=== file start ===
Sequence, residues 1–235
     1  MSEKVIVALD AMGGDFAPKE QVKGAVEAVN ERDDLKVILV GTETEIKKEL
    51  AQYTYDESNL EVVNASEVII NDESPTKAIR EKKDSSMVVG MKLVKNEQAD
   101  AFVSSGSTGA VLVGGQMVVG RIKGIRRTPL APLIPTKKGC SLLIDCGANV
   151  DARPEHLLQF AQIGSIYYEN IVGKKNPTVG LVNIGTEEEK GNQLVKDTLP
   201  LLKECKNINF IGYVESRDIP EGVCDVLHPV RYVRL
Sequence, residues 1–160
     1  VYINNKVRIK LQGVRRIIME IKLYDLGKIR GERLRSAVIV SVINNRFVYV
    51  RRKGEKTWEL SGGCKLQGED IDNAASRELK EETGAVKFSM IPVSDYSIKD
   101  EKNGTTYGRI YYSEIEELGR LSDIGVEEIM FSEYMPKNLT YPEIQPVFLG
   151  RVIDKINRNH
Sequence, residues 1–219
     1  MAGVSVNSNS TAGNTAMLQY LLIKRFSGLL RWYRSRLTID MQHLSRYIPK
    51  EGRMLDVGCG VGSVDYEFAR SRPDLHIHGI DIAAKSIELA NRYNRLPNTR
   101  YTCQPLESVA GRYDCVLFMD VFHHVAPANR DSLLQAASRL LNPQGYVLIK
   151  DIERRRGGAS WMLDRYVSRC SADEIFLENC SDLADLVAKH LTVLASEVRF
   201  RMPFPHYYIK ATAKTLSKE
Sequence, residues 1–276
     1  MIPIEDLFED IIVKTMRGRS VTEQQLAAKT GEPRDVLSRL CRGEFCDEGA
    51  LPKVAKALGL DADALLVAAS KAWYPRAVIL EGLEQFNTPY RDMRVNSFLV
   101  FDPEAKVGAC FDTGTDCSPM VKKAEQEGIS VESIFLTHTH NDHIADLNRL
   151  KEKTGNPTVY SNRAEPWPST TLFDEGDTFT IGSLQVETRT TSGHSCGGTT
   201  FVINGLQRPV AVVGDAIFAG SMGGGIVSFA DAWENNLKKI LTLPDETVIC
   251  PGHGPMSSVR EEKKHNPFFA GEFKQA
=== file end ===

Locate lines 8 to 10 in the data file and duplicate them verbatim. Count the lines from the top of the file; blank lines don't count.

     1  VYINNKVRIK LQGVRRIIME IKLYDLGKIR GERLRSAVIV SVINNRFVYV
    51  RRKGEKTWEL SGGCKLQGED IDNAASRELK EETGAVKFSM IPVSDYSIKD
   101  EKNGTTYGRI YYSEIEELGR LSDIGVEEIM FSEYMPKNLT YPEIQPVFLG